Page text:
by Vanja Basic Kes and Vida Demarin
A 25-year-old female patient was admitted to our department because of deterioration of consciousness and showing verified intracerebral haemorrhagic zones on both sides of the brain on MSCT. (Figure 1)
At admission she was somnolent, out of verbal contact, had difficulties opening her eyes; orders could not be followed. All passively lifted limbs fell loosely back. At a rougher stimulus she pulled her lower extremities minimally. The tendon reflexes were facilitated and Babinski’s sign was positive on the right side. Her medical history revealed that one month ago she had been observed by a psychiatrist because of forced thoughts and panic attacks. Shortly after that she developed acute psychotic decompensation and was admitted to a psychiatric department. During the hospitalisation psychotic symptoms remained despite therapy. From the beginning of psychiatric hospitalisation she was incontinent and on the 10th day she became subfebrile. MSCT of the brain and lumbar puncture were performed but all findings were normal. The patient was transferred to the Department of Internal medicine where a neurologist was consulted. EEG was performed and showed slow brain activity. Lumbar puncture was repeated and haemorrhagic cerebrospinal fluid was found. The laboratory test excluded viral meningoencephalitis. Control MSCT and MRI of the brain were performed and revealed bilateral intracerebral haemorrhage. The consulted neurologist indicated transfer to our (neurological) department.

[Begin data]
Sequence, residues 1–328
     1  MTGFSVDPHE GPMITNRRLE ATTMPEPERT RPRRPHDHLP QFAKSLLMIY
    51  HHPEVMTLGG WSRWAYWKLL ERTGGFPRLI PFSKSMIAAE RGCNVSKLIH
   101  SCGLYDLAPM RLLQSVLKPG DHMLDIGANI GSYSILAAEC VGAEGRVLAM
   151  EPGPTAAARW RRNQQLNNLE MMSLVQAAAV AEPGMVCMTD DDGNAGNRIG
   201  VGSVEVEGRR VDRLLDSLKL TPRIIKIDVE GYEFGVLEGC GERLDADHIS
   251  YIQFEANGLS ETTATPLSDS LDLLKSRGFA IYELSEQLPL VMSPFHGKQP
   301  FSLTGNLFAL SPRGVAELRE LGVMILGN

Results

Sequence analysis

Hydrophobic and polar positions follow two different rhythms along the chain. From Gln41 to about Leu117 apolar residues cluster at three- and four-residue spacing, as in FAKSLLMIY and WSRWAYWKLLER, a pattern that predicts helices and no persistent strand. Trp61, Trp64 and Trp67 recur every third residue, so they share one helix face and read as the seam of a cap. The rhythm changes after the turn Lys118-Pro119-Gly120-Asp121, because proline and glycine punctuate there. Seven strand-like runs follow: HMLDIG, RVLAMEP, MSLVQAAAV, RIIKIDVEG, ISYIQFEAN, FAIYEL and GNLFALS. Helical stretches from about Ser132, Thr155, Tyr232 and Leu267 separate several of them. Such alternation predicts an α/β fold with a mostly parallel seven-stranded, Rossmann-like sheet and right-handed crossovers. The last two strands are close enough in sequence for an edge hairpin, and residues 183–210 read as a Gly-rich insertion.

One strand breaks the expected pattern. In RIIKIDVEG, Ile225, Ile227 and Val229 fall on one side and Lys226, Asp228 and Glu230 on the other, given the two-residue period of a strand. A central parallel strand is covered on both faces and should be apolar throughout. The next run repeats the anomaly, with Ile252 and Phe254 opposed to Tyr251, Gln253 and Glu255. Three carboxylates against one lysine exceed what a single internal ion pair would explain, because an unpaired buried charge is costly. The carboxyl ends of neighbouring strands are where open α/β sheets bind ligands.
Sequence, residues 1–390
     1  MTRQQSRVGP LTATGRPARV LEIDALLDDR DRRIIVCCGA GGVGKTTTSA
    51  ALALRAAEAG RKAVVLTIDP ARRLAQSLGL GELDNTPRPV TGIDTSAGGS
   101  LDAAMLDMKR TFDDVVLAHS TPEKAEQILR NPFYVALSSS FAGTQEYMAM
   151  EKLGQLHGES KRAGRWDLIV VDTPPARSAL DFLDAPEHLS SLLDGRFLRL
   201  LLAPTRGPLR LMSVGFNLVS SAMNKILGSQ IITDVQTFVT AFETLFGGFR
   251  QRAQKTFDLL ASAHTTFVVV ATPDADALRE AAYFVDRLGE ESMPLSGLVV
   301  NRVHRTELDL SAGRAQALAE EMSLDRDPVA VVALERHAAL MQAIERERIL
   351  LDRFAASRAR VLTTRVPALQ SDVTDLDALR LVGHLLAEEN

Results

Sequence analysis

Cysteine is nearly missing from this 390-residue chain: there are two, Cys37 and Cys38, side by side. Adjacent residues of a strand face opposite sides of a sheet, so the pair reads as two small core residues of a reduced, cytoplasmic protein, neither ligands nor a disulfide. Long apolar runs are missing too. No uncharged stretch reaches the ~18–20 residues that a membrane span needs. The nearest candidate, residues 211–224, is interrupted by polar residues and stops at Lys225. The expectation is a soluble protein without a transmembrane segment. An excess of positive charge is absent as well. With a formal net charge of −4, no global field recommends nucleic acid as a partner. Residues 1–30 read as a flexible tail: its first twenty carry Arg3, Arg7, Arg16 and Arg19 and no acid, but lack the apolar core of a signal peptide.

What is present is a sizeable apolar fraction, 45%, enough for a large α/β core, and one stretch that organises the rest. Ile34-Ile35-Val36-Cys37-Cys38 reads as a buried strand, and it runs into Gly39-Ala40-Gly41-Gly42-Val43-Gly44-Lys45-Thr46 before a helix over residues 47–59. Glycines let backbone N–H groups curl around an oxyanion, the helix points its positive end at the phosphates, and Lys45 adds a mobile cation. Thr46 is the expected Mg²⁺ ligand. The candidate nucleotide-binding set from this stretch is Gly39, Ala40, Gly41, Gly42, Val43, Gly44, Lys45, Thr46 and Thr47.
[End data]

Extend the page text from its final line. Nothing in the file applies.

During hospitalisation we performed MRI and MR phlebography (Figure 2 and 3) that showed the expected dynamics of the resorptive intracerebral haemorrhage, frontoparietal and bilateral thrombosis of Trolard’s and cortical cerebral veins with still preserved blood circulation in the venous sinuses. The findings of the control MSCT of the brain showed regression of the bilateral parietal haematoma entirely to the left and a smaller bleeding residue on the right with hypodensity areas of oedema and ischemia bilaterally frontoparietal. (Figure 4)
Because of the cerebral venous thrombosis as well as proven deep vein thrombosis in the pelvic arteries and veins of the lower extremities, the blood samples were analysed for co-agulation, inflammatory and immunological tests. All of the submitted tests were normal.
Oral contraceptives which our patient took until hospitalisation at the psychiatric department seem to be the only answer to the development of disease with such unusual clinical picture.
Vanja Basic Kes is working at the Department of Neurology, University Clinical Hospital “Sestre Milosrdnice” in Zagreb, Serbia.
Vida Demarin is Professor of Neurology in Zagreb, Serbia.
Comment and questions by Adam Kobayashi
Cerebral venous thrombosis (CVT) can cause a number of sudden non-specific symptoms. Psychiatric symptoms are rather rare in this condition; and as they can be caused by a large number of other causes are rarely perceived as a symptom of CVT. This case shows how difficult it can be to diagnose such a patient unless other signs occur.
Could the authors be more specific about which tests were performed for this patient?
How was the patient treated?
Was an angio follow-up performed after treatment?
Did recanalisation occurr?
Adam Kobayashi is working at the 2nd Department of Neurology at the Institute of Psychiatry and Neurology in Warsaw, Poland. He is Secretary of the EFNS Scientist Panel Stroke.